A social history of motorcycling- Part 4: The One Percenters (1947-1950)


British woman Theresa Wallach became first vice-president of the Women’s International Motorcycle Association (WIMA). Here, she’s pictured at Pikes Peak in Colorado, US, in 1949.

In the immediate aftermath of the so-called ‘Hollister riot’, the AMA called a press conference, at which it was later alleged that a figure of 1% was used to differentiate between the association’s regular membership and perceived troublemakers in its ranks.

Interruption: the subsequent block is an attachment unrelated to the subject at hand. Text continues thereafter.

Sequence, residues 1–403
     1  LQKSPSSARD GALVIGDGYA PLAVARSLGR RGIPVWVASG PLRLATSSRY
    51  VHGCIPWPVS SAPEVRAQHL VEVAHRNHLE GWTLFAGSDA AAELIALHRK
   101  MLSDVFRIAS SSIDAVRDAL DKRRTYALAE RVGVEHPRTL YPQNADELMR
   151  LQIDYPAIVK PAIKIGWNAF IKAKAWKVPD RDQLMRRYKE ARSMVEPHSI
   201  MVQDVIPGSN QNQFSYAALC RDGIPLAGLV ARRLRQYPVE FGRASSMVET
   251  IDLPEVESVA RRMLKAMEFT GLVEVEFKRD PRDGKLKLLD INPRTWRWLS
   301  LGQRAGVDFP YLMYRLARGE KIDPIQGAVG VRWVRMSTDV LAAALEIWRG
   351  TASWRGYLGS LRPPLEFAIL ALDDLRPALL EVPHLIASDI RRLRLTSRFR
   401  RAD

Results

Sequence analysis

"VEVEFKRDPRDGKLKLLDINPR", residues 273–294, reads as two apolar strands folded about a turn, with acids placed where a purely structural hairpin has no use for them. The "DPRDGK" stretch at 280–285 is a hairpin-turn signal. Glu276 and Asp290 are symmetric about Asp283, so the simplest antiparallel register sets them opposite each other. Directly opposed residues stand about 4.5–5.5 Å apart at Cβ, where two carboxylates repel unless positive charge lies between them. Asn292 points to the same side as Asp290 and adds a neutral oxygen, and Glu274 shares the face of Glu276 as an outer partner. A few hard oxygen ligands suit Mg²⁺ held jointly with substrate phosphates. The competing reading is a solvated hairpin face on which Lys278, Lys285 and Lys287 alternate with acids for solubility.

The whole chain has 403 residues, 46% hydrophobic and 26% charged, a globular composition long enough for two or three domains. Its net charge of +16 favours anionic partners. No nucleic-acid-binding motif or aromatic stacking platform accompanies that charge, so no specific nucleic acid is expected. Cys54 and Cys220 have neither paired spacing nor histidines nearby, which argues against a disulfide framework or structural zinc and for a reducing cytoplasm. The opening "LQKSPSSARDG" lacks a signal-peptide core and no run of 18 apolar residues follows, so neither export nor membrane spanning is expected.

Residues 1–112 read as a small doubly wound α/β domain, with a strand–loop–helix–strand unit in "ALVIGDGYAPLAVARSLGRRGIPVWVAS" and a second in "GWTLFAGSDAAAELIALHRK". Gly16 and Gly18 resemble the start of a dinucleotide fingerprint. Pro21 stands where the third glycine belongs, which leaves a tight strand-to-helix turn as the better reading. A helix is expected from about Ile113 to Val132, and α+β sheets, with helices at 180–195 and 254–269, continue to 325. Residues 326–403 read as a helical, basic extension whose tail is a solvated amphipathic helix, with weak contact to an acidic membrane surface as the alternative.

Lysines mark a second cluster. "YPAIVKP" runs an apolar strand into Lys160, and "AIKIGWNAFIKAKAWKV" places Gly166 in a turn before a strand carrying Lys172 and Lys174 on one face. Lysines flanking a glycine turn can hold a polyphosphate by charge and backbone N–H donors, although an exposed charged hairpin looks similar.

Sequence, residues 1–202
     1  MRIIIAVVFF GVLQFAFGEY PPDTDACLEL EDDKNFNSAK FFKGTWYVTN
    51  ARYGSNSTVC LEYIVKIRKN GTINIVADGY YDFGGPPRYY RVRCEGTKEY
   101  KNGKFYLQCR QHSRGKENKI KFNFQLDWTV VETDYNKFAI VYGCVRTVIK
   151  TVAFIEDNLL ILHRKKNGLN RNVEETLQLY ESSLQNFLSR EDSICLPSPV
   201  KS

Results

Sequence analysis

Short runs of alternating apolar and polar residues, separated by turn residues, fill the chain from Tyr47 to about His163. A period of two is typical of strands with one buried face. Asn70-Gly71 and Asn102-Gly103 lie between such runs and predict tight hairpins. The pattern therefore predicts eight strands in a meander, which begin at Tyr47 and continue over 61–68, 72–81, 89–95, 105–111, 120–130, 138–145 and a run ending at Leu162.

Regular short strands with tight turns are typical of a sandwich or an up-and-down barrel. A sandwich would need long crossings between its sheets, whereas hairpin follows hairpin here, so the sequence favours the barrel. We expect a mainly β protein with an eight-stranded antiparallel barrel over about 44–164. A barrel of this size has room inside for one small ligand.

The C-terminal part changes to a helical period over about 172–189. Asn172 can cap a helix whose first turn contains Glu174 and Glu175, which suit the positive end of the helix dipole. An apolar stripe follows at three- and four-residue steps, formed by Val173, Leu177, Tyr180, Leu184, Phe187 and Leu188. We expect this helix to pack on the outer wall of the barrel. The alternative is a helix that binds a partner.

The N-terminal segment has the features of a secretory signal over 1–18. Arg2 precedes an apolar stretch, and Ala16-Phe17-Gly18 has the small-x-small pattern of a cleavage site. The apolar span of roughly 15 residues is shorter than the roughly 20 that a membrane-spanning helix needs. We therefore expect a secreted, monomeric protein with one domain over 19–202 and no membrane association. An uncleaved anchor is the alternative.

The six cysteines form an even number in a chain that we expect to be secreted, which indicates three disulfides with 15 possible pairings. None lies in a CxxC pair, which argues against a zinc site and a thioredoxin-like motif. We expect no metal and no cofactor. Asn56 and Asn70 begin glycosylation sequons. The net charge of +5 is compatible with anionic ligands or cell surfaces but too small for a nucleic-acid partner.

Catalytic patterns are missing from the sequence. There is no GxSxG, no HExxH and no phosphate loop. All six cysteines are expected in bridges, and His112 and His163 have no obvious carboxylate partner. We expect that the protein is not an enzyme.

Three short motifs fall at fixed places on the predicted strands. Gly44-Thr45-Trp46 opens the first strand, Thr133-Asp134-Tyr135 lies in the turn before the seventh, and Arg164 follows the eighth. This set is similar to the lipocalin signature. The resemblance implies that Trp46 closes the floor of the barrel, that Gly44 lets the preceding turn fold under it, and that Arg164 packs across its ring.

While such a remark might well have been made behind the scenes or informally, there exists no official record attributing it to any AMA representative from this period.

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In fact, the first recorded use of percentages in this context can be found in letters by Paul Brokaw and Charles A Addams, which were published on August 11, 1947, in Life magazine as responses to its infamous Hollister photograph.

Nevertheless, pejorative use of the ‘1%’ term by the AMA quickly become an accepted myth in social motorcycling.

Read more in April’s issue of TCM

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